I outline features of the emerging consensus that philosophy has now liberated itself from the horizon of onto-theology with respect to the history of metaphysics. I draw on Jean-Marc Narbonne, Hénologie, Ontologie et Ereignis (Plotin-Proclus-Heidegger), conferences presented at La métaphysique: son histoire, sa critique, ses enjeux held at Laval University in 1998, and other recent work, showingwhy Heidegger’s horizon does not encompass ancient or medieval Platonic or Aristotelian philosophy. Noting that both French Neoplatonic studies after Bréhier and Heidegger in Identität (...)
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  15. Wayne J. Hankey (2003). “'Knowing as We Are Known' in Confessions 10 and Other Philosophical, Augustinian and Christian Obedience to the Delphic Gnothi Seauton From Socrates to Modernity”. Augustinian Studies 34 (1):23-48.
  16. Wayne J. Hankey (2003). Philosophy as Way of Life for Christians ? Iamblichan and Porphyrian Reflections on Religion, Virtue, and Philosophy in Thomas Aquinas. Laval Théologique et Philosophique 59 (2):193-224.
  17. Wayne J. Hankey (2001). Between and Beyond Augustine and Descartes. Augustinian Studies 32 (1):65-88.
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  18. Wayne J. Hankey (2001). Why Philosophy Abides for Aquinas. Heythrop Journal 42 (3):329–348.
    In Truth in Aquinas Catherine Pickstock and John Milbank continue Radical Orthodoxy's ‘reinterpretation’ of the history of philosophy and theology by evaluating philosophy as metaphysics so that ‘metaphysics collapses into sacra doctrina’ in Thomas Aquinas. Their strategy for saving Aquinas from Heideggerian ‘onto‐theology’ is the opposite of that Jean‐Luc Marion who in ‘Saint Thomas d'Aquin et l'onto‐théo‐logie’ keeps philosophy and metaphysics distinct from sacred teaching. The article examines some of the questions involved by reconsidering the nature of philosophy as textual (...)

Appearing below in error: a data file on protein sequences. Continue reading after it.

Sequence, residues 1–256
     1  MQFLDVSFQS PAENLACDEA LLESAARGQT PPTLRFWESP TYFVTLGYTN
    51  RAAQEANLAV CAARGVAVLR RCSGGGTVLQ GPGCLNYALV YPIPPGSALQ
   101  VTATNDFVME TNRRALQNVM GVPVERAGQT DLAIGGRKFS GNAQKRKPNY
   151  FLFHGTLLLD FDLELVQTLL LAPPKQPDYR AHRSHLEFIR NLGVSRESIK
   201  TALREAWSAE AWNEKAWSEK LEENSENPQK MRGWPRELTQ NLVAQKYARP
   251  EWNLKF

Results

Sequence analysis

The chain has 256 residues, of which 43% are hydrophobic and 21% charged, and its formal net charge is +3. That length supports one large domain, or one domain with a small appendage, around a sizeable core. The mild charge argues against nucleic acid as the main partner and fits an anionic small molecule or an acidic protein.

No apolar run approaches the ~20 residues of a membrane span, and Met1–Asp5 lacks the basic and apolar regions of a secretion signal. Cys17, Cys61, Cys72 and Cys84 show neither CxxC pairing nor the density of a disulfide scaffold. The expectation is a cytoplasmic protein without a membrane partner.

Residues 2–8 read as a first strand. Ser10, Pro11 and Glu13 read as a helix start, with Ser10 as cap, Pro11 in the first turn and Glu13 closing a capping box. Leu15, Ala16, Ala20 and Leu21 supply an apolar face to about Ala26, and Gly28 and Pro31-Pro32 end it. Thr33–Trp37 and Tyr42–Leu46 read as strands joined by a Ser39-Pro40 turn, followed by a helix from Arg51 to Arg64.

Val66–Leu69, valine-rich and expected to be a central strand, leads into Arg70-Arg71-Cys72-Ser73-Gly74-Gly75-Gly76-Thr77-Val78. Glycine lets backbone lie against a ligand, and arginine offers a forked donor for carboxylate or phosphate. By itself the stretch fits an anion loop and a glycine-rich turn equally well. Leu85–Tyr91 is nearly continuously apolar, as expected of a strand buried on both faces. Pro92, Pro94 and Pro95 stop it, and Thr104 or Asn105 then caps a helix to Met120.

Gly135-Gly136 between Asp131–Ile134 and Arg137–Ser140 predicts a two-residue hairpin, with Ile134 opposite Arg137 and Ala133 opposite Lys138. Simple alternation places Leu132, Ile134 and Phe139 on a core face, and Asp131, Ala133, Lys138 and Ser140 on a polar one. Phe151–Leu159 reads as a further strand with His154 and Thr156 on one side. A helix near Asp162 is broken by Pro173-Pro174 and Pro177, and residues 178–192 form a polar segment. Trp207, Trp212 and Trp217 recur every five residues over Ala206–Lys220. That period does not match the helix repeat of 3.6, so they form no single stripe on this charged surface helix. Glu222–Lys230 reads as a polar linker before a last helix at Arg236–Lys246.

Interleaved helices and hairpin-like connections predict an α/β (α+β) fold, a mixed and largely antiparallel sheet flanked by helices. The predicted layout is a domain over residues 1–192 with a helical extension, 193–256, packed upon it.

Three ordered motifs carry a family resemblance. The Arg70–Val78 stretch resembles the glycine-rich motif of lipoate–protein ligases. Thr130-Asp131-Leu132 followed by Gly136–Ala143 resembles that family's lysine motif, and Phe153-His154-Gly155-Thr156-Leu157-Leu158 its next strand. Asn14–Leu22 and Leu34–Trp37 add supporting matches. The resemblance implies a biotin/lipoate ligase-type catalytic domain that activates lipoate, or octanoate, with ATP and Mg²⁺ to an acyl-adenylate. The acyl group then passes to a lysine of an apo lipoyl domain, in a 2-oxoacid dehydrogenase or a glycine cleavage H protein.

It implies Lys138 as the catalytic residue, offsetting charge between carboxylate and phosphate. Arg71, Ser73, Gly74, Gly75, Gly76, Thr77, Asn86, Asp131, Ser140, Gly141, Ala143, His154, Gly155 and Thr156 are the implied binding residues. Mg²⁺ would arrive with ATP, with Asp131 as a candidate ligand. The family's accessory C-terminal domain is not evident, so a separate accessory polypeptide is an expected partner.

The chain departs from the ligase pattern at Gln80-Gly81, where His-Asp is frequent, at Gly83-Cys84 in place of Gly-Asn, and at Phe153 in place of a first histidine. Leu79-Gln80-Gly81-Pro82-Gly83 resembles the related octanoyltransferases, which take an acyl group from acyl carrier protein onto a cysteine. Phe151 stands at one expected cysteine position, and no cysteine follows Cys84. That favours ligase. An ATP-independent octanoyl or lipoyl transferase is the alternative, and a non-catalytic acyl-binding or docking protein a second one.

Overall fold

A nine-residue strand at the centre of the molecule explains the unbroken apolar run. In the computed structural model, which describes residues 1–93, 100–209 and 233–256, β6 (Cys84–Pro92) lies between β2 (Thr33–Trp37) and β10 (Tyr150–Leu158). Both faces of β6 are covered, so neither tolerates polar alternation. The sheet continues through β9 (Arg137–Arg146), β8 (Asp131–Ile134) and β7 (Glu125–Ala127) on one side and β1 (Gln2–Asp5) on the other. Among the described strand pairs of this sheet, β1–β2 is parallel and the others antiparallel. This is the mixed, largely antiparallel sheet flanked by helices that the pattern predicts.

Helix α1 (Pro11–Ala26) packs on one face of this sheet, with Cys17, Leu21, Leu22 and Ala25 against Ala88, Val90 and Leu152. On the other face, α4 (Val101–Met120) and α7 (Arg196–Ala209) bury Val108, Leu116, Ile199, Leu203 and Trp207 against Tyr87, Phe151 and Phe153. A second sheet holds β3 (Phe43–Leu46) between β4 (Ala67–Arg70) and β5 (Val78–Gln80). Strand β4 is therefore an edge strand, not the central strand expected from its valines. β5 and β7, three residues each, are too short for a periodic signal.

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  19. Wayne J. Hankey (1999). Dionisio deviene agustiniano:" Itinerarium 6, de Buenaventura. Augustinus: Revista Trimestral Publicada Por Los Padres Agustinos Recoletos 44 (172-175):115-123.
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  20. Wayne J. Hankey (1999). Self-Knowledge and God as Other in Augustine: Problems for a Postmodern Retrieval. Bochumer Philosophisches Jahrbuch Fur Antike Und Mittelalter 4 (1):83-123.
    Recent philosophical and theological writing on Augustine in France, England and North America is sharply divided between readings which serve either a historicist, anti-metaphysical, postmodern retrieval or an ahistorical, metaphysical, modern reassertion. The postmodern retrieval begins from a Heideggerian «end of metaphysics» and goes at least some distance with Jacques Derrida's development of its consequences. This essay starts from engagements with Augustine by Derrida and Jean-Luc Marion, moving then to Rowan Williams on the De trinitate, read to prevent comparison with (...)
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  21. Wayne J. Hankey (1999). Theoria Versus Poesis: Neoplatonism and Trinitarian Difference in Aquinas, John Milbank, Jean‐Luc Marion and John Zizioulas. Modern Theology 15 (4):387-415.
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  22. Wayne John Hankey (1999). French Neoplatonism in the 20th Century. Animus 4:13.
  23. Wayne John Hankey (1998). Stephen Menn's Cartesian Augustine: Metaphysical And Ahistorically Modern. Animus 3:183-210.
    This review article devoted to Stephen Menn's Descartes and Augustine, finds that his treatment of Augustine which includes him within the metaphysical tradition bridging antiquity and modernity balances the historicist, anti-metaphysical and anti-theoretical readings of Augustine coming from postmodern philosophy and theology. By looking at the two readings together, Wayne Hankey attempts to come closer to an understanding of Augustine especially in his relation to Plotinus. Hankey finds that Augustine's De Trinitate is better understood from within Menn's stance, where Augustine (...)
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  24. Wayne J. Hankey (1994). Pseudo-Dionysius. Augustinianum 34 (2):514-518.
  25. Wayne J. Hankey (1982). The Place of the Proof for God's Existence in the Summa Theologiae of Thomas Aquinas. The Thomist 46 (3):370-393.
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  26. Wayne John Hankey (1977). Re-Christianizing Augustine Postmodern Style. Animus 2:3-34.
    The Augustinian text is being radically rewritten by contemporary theologians to render it compatible with various proposals for a postmodern Christianity. The proximate stimulus is Derrida's deconstruction of the argument of the Confessions. What is positive and what is wanting in his appropriation of the Augustinian dialectic is reviewed, as also what can and cannot be seen of the historical Augustine from within the purview of a postmodern theology.